Starting in the New Zealand rainforests where he treks (on the Routeburn Track), he learns about Maori culture, admires the country’s beautiful landscapes, and interacts with fellow travelers and New Zealanders. Until he reaches the coast of Hawaii where he ends his journey.
If you are interested in the islands of the South Pacific, you will probably enjoy this book.
Writing a book about museums must be almost as difficult as designing the museum itself. But the authors have done an amazing and very interesting job of compiling 100 short stories about the exhibits.
The book is a behind-the-scenes look at the most prized pieces at the Te Papa Tongarewa museum in New Zealand.
It’s a book that will appeal to adults and children alike because the combination of information and entertainment is perfect.
Spanning a family history of adventure, love, bravery, and loss, Chessie Henry writes tenderly about her family’s journey through multiple traumatic experiences – including the Christchurch and Kaikōura earthquakes – and their unbending courage in the face of them.
The book opens with an email from Christopher Henry, Chessie’s father, describing his burnout following years of non-stop work as a rural doctor. But it is not only a call for help from Chris, the letter is a warning against the overwork of the New Zealand medical personnel.
From there, Chessie begins to recount pieces of her family history, before and during her existence as her daughter in that family. The result is a neatly ordered memoir: each chapter tells a segment of the family story.
In summary, We Can Make a Life is a beautiful, thought-provoking, and brave memoir that many readers in New Zealand and around the world will connect with.
If you want to know practically anything about New Zealand or anyone of consequence to its history, Michael King is your reference source.
The author keeps a great balance between the Maori, Pakeha, and European perspectives. King begins by describing prehistoric New Zealand. He describes its geological and biological history, its unique and impressive indigenous lifeforms, and the mythology of the earliest human occupants.
From there, King moves forward covering New Zealand history in chronological order. It is a book you must read if you want to learn about this wonderful country.
Children’s books set in New Zealand
This is the best travel guide for kids to learn about New Zealand culture and geography.
With Dinobibi and Jack, kids will have fun discovering New Zealand: its history, geography, flags and symbols, wildlife, culture, and more!
This is an amazing book based on an actual escape by an octopus from his tank in an aquarium in New Zealand. The best octopus book for kids looking to learn more about aquatic animals, marine biology, and aquariums, and the illustrations are large and vivid, perfect for capturing the attention of children and grownups.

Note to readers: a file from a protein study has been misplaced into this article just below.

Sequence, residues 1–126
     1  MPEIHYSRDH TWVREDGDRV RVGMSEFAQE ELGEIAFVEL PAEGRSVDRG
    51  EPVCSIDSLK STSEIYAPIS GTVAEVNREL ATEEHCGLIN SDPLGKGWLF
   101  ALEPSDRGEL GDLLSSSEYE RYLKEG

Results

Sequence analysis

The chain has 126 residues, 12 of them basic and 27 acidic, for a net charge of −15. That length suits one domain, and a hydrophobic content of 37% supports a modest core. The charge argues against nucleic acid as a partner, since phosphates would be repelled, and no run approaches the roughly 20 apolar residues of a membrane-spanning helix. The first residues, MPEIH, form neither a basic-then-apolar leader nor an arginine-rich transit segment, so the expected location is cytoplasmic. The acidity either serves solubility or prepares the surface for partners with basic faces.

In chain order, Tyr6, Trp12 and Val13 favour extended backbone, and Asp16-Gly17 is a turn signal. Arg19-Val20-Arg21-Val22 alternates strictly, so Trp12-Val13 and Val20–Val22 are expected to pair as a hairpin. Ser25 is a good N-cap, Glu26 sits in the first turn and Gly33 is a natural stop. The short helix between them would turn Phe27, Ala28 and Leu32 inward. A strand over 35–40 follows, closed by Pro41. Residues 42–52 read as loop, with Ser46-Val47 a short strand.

Before Koko can become the chief of his tribe, he must first go on an adventure in search of a mysterious bear to help him overcome his fear. A heart-warming tale about finding courage from within in order to reach your dreams.
Young adult books set in New Zealand
This book by the Maori writer conveys the historical link between New Zealanders, the sea, and the whales.
It is the story of Kahu, an 8-year-old girl, the last descendant of the tribe who claims descent from the legendary “whale rider”. Her great-grandfather is the chief of this tribe, called Whangara. In each generation, a male has inherited the chief title.
But now there is no male heir, only Kahu. She should be next in line for the title, but her great-grandfather is blinded by tradition and sees her as a useless child.
However, she will fight to please her grandfather and be loved by him, to show him that she has what it takes to become a chief, lead her people, and communicate with the whales.
A captivating read that will thrill and inspire, intrigue, and mystify young adults.
Zelie Taylor moves with her family to New Zealand, but she has no idea how drastically her life is about to change. When she pulls a lost necklace out of the icy waters of the lake, she begins to think she’s crazy to hear a male voice in her head.
But what she doesn’t know is that Tamas’ soul has been trapped in the silver necklace since 1918. His body is nearby, sleeping, and Zelie must help him awaken.
And what is waiting for Tamas when he does emerge? It seems that the sinister force that trapped him all those years ago has returned and is growing more powerful.
What Are Some Of Your Favorite Books In New Zealand?
Have you read any of these books set in New Zealand? Do you know some great books that I’ve missed? What is your favorite book set in New Zealand? I’d love to hear your thoughts on your favorites in the comments below!
More Great Books
Start by checking out all our books set in destinations around the world, or if you’re after more set in and around Oceania, try these books set in Australia.